Mining Program - Region 5 Success Stories
The Walker Mine, Plumas County

The Walker Mine, Plumas County

  Photographs of Mine Site

The Walker Mine is an 800-acre inactive underground copper mine in east-central Plumas County about 15 miles northeast of Quincy.  The mine is at anelevation of about 6,180 feet.  The mine is estimated to contain about 13 miles of tunnels and 3,500 feet of vertical shafts.  The Walker Mine was discovered in 1904, put into operation in 1915, and active mining took place until 1941.  Since closure of the mine in 1941, the site has discharged acid mine drainage and heavy metals directly into Dolly Creek and Little Grizzly Creek.

Ownership of Walker Mine has changed throughout the years.  From 1915 through 1941 it was owned and operated by Walker Mining Company and International Smelting and Refining Company (ISRC).  ISRC was a subsidiary ofthe Anaconda Copper Mining Company which was purchased by Atlantic Richfield Company (ARCO) in 1977.  In 2000 ARCO became a subsidiary of British Petroleum.  

From the mid 1940s until the early 1990s, Walker Mine was controlled by Calicopia Corporation and Robert R. Barry.  Cedar Point Properties Inc., bought the Walker Mine at a Plumas County tax sale in 1997 and abandoned it a few years later after the Regional Board issued a Cleanup and Abatement Order requiring Cedar Point Properties to comply with the Operations and Maintenance Procedures developed by the Regional Boardfor the Walker Mine site.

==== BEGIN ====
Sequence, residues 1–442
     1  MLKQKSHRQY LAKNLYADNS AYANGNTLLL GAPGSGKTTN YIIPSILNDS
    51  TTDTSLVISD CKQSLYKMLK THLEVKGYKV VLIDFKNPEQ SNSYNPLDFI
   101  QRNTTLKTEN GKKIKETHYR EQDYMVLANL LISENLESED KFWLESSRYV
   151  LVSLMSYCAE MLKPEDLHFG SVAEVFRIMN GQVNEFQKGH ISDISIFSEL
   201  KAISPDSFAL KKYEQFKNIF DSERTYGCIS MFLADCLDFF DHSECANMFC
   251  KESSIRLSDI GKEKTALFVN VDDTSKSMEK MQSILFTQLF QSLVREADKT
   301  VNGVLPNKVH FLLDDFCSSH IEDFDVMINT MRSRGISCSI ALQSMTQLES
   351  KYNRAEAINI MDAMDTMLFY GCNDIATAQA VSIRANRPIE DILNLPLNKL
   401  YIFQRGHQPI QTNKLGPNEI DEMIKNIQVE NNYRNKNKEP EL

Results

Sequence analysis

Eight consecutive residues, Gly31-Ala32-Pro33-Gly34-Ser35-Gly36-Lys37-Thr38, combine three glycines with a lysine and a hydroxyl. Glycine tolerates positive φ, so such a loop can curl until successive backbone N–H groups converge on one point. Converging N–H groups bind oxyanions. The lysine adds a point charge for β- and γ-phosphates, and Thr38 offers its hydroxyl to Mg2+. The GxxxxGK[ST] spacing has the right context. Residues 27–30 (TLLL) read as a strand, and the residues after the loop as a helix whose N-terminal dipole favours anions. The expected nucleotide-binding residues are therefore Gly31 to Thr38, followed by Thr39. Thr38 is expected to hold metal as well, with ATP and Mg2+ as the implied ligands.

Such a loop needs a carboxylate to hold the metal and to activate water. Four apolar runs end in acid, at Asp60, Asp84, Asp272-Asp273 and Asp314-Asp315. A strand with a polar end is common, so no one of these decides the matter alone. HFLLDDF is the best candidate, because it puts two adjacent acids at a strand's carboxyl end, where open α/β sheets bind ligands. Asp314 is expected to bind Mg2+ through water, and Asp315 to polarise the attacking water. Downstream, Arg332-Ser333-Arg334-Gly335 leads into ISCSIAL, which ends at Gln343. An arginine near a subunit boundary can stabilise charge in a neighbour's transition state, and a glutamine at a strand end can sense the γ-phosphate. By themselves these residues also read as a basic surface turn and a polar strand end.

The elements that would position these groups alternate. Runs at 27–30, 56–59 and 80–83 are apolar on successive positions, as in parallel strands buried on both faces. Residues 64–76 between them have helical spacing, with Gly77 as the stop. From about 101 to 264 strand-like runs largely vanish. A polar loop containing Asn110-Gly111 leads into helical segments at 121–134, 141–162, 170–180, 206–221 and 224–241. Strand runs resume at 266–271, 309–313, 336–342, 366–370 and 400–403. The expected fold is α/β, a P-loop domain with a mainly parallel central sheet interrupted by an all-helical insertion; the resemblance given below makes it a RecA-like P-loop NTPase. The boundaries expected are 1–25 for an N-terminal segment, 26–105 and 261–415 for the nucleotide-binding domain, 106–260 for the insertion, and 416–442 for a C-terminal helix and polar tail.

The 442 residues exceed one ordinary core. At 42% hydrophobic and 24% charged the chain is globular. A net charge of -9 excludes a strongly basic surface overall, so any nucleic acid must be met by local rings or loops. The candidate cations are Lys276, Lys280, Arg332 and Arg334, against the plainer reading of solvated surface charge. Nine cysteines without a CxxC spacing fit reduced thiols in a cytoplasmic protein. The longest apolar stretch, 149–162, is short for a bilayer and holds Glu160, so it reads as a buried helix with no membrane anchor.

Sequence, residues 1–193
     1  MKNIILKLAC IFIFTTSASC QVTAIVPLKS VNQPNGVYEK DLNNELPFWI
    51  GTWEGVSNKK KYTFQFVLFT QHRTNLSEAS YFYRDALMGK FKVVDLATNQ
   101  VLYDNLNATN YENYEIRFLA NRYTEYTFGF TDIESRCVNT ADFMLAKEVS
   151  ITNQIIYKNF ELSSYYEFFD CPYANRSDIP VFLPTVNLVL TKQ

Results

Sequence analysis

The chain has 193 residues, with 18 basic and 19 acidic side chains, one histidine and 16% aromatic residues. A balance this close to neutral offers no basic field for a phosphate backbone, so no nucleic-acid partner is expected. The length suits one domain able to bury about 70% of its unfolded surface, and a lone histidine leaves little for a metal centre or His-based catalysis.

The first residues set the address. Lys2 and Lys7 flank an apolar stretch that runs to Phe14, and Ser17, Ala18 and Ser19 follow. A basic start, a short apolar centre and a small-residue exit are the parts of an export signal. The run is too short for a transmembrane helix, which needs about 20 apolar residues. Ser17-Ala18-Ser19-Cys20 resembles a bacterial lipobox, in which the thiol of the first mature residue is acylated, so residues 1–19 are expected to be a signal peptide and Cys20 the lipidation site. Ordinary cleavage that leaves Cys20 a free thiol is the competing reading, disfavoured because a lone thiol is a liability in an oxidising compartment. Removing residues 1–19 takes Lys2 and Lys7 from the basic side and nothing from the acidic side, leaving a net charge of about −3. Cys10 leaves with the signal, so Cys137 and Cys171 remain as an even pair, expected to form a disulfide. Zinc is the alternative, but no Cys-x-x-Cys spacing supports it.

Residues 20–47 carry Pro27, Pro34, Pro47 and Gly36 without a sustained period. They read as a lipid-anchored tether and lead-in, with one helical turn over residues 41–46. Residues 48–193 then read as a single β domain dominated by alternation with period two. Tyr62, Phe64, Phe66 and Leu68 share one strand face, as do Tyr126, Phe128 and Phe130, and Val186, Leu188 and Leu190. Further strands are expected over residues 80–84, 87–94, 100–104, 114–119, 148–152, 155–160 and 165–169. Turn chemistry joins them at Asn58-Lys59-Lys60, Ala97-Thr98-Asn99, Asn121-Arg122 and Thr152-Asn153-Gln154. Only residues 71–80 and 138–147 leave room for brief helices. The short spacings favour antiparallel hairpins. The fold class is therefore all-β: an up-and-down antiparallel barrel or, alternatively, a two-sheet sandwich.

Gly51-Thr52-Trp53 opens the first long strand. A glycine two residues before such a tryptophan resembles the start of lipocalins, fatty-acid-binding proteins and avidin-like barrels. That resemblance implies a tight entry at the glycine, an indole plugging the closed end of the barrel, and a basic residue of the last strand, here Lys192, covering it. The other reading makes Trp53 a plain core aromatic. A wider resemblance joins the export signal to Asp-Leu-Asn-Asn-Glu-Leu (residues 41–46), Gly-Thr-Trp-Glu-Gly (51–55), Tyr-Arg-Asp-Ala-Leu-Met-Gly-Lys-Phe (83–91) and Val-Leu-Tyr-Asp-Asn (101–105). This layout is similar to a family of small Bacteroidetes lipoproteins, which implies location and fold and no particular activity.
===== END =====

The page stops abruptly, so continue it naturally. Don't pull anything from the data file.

In November 1987, the Regional Board installed an engineered concrete mine seal 2,675 feet from the 700-level portal of the Walker Mine.  This seal was installed to prevent direct discharge of acid mine drainage from the underground ore zone to the surface waters of Dolly Creek.

Water coming out of the mine had low pH and high concentrations of copper.  The mine fills with water from infiltration of rain water and snow melt through varies sink holes and surface fractures.  Copper concentrations in the mine discharge prior to installation of the mine seal were 280 ug/L.  Mine water discharged into a small settling pond, which then discharged to Dolly Creek.  The pH in the settling pond varied between 2.5-5.  

To solve the problem of acid mine drainage water flowing out of the mine, the Regional Board installed an engineered concrete seal in the 700 level adit of the Walker Mine.  The mine seal has significantly reduced acid mine drainage from the mine.

Cleanup and remediation activities have also been initiated by the US Department of Agriculture(US Forest Service) at the adjacent 70-acre Walker Mine Tailings facility located on land managed by the US Forest Service.  Both Dolly Creek and Little Grizzly Creek run through the tailings facility site.  Copper concentrations in Little Grizzly Creek downstream of the tailings site were around 288-691ug/L.  Dolly Creek also had increased levels of zinc. 

The U.S. Forest Service has addressed this problem by diverting a portion of Dolly Creek into a lined channel that prevents contact with the tailings which then discharges directly to Little Grizzly Creek.  Doing this has effectively reduced the level of copper and zinc in both creeks but has not eliminated it.

Both projects have helped reduce the amount of metals entering Dolly Creek and Little Grizzly Creek. The mine seal has reduced the amount of metals being discharged from the Walker Mine. . Diverting Dolly Creek into the lined channel has helped reduce the concentration of metals in the both creeks closer to background levels but has not reached background levels.